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The HR Specialist: Pennsylvania Employment Law

Sixteen states and the District of Columbia have legalized some form of medical marijuana use, even though the federal government continues to classify marijuana as an illegal drug. Pennsylvania hasn’t yet enacted a medical marijuana law, but that could change thanks to legislation that has been introduced in the General Assembly.

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Morgantown-based Morgan Truck Body has been cited for 24 safety and health violations at a factory in Georgia. The citations result from OSHA’s Site-Specific Targeting Program, which scrutinizes industries with high occupational illness and injury rates.

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Matrix Integrated Facility Management, one of the Philadelphia area’s largest commercial janitorial firms, will pay $450,000 to 15 former employees to settle EEOC race discrimination and retaliation charges.

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Employers that don’t post internal promotion opportunities are risking unnecessary lawsuits. The fact is, when jobs aren’t posted, employees can sue over the lost opportunity to apply.

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If you terminate subpar workers, it goes without saying that you must be prepared to show they were, in fact, poor performers. Do so by using objective performance measures. Let the facts and figures speak for themselves.

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You may think that a long-term arrangement with an independent contractor to provide professional services will never be considered an employment relationship. But that’s not true if you exert too much control over the way the work is done. And according to a recent Commonwealth Court decision, it doesn’t take all that much control.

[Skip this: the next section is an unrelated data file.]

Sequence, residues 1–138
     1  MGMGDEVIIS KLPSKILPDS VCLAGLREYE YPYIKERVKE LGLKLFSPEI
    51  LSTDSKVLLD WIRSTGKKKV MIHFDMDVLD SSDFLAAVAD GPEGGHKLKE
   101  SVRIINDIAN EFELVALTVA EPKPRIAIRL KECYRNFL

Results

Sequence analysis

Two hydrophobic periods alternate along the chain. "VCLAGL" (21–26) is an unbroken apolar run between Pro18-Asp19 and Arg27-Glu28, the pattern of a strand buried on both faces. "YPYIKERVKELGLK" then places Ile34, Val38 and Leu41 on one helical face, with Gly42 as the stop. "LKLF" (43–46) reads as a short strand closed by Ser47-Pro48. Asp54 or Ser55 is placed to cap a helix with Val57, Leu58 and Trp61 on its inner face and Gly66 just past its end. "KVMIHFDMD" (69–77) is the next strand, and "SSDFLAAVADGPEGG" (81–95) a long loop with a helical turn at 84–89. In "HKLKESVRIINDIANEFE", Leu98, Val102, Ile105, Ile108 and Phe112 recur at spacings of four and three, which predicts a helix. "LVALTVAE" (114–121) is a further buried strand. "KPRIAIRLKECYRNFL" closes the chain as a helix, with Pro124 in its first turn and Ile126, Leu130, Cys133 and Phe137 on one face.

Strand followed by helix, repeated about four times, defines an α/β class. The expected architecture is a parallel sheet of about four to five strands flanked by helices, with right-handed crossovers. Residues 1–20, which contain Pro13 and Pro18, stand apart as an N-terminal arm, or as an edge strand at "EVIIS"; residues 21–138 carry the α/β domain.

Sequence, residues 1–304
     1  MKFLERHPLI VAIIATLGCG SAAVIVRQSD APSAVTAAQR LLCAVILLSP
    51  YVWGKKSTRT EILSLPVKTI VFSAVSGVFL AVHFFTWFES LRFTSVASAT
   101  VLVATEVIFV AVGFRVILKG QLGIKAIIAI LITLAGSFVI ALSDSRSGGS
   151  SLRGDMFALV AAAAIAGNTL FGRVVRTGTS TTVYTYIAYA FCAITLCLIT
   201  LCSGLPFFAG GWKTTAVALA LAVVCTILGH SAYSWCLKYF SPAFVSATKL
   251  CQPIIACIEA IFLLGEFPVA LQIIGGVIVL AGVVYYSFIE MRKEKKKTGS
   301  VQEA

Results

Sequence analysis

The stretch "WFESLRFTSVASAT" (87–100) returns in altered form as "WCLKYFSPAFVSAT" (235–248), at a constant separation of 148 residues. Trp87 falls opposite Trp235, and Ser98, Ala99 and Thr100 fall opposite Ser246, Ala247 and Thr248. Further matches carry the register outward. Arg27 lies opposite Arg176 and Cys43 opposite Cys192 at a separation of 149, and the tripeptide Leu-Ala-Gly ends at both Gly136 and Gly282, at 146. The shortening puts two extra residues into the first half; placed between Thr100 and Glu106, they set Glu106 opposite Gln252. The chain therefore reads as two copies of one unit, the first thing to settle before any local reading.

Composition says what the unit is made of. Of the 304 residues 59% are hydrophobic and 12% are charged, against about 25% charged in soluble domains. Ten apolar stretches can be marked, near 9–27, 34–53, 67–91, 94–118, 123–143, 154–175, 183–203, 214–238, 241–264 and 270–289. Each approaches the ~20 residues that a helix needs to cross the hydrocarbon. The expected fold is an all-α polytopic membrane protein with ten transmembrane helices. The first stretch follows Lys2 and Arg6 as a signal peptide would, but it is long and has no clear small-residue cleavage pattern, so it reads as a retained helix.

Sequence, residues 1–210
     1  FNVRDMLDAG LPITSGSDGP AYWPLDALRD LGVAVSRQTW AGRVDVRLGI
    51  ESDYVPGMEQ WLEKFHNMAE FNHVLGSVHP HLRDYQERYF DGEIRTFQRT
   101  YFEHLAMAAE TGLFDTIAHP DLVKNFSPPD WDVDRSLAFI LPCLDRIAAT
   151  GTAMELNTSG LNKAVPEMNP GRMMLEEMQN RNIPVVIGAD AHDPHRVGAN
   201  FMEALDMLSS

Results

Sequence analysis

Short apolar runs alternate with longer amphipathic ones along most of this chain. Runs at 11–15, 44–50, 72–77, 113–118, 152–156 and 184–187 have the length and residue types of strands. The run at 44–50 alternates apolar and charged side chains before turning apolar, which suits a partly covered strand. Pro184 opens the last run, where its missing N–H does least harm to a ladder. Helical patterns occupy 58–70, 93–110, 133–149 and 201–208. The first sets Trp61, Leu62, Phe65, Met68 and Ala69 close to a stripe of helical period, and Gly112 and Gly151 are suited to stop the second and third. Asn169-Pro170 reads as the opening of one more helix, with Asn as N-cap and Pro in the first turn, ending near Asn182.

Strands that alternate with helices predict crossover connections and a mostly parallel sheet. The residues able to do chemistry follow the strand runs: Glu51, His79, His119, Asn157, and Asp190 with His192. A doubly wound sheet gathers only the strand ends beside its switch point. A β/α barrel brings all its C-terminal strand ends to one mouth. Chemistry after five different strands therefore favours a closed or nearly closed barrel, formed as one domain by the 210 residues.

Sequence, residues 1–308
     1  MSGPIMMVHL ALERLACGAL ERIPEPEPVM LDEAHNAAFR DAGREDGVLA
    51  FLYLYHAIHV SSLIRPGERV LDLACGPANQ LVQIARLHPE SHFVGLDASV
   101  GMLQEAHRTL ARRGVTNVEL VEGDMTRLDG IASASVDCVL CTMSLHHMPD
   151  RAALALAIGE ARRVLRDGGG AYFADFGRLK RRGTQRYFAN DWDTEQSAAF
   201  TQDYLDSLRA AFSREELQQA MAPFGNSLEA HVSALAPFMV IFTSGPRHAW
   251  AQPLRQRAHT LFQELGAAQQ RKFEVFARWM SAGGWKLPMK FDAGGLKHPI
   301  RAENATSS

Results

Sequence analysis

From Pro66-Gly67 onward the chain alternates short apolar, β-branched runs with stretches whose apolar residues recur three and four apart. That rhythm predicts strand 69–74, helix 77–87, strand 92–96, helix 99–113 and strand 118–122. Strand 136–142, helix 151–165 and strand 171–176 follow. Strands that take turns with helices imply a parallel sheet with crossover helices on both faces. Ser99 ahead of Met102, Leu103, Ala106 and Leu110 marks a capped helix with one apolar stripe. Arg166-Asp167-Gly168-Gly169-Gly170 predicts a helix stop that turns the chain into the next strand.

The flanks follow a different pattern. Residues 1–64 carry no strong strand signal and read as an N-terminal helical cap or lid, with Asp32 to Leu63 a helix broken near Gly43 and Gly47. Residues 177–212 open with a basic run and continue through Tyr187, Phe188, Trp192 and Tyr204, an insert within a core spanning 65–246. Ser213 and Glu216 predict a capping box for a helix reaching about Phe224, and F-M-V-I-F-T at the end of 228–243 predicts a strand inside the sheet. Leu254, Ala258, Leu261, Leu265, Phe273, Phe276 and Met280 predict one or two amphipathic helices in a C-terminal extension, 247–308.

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Ten years of litigation has finally come to an end now that a federal appeals court has tossed the last claims of an employee who acted as her own lawyer.

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When an employer doesn’t have a set policy on whether an employee can change his mind about retiring, refusing to rescind a retirement request isn’t enough to support a discrimination or retaliation lawsuit.

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If your sexual harassment policy is comprehensive, any complaint may trigger an investigation that uncovers many violations—perhaps even by the complaining employee. When that happens, the best policy is to let the investigation take its course and document everything. Then discipline everyone who violated the policy.

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If an employee isn’t working as hard as you expect, reducing his pay might conceivably provide enough of a kick in the pants that he’ll pick up the pace. As long as you carefully document why you are making the pay cut, he won’t win a discrimination case even if his pay puts him at a lower level than others outside his protected class who perform the same job.

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